Developers can extend and create new BIRT data sources using extension points provided by the Data Tools Project. These extension points not only provide extensions to the data access engine but also allow developers to create custom GUIs that the BIRT designer will launch. Once developed these new data sources can be easily deployed to any BIRT designer. Many examples of these custom data sources (ODA –Open Data Access) drivers are available at BIRT Exchange.

The Data Explorer View also allows the creation of data cubes. Cubes (shown in Figure 4) analyze complex hierarchical data but can also be used in conjunction with charts and the crosstab report element. BIRT data cubes are multi-dimensional cubes, based on one or more BIRT datasets, constructed using the Data Cube Builder. BIRT Cubes support dimensions –static and dynamic, measures, derived measures and filters.

Figure 4: BIRT Data Cubes

We’ll cover more details on the crosstab and chart report elements within the Palette View section.

BIRT provides two types of parameters –Report Parameters and Data Set Parameters. Report parameters are global to the report and are generally exposed to the end user.

Data Set Parameters differ in that they are used to make Data Sets more dynamic, and are not generally exposed to the end user. Data Set Parameters can be linked within the Data Set Editor to Report Parameters or set using script or expressions. Report parameters are created in the Data Explorer View and are often used to personalize the report for a given user. Report parameters for example, can be tied to Data Set Parameters to modify a query, used in a BIRT JavaScript expression to change the style and visibility of a report element. They can also be used within a script event to personalize the content based on the selected output format. 

Report parameters can be static or dynamic. Static parameters are parameters that allow the user to select from a predefined set of values or to enter a desired value, for example, in a text box. Dynamic parameters are parameters that can be data bound to an existing BIRT data set. For example, a user may select a customer from a list of customers provided by a data set. Dynamic parameters can also be scripted to allow the developer to decide which values will be displayed to the end user.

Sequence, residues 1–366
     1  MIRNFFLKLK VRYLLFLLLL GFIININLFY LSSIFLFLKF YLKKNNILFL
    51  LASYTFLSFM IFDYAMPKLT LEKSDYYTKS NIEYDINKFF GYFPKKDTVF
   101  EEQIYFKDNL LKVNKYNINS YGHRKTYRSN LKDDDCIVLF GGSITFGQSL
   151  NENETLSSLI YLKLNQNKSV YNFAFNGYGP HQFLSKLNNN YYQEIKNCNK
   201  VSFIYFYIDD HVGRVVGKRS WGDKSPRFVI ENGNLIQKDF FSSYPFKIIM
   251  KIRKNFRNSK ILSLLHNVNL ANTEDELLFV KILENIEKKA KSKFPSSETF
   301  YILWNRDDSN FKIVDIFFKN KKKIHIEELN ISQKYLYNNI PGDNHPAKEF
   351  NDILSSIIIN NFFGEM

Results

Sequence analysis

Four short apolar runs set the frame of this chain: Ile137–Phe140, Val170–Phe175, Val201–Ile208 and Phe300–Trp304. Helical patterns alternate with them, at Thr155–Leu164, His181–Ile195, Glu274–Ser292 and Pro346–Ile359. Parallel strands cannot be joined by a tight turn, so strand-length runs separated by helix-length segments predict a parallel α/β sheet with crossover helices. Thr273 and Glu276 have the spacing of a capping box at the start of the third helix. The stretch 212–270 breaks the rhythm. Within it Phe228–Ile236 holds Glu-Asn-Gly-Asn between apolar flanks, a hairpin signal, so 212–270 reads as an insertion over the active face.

In addition, BIRT supports cascading parameters that allow multiple list/combo boxes to be displayed with each subsequent selection list being modified by previously selected values. So, a cascaded parameter could present an alpha list in the first list box and the customer names starting with the selected alpha character in the second list box. Cascaded parameters can be created using one or more BIRT Data Sets. 

The Variables node of the Data Explorer view is used to create a special type of pagination variable which can be one of two types: Report Variable or Page Variable

Report Variables are evaluated when the report is complete while Page Variables are evaluated at the time a page is created. Either type can be placed on the master page by selecting the Palette View and selecting the Variable AutoText field when using the master page editor. While these page variables can be accessed by Expressions and JavaScript their main use is when creating page specific calculations. For example, creating a page n of m for specific groups within a report. These variables are generally set using page script event handlers (onPageStart and onPageEnd events). 



The BIRT Palette View (Figure 5) lists all report items that can be used to construct a report. The Palette contains some items that are used to layout the structure of the report, like grids, and other items that are bound to data, like tables and charts.

Figure 5: Palette

The palette supports the following report items.

  • Label elements are used for displaying static text. Label elements support localization, hyperlinks and highlighting.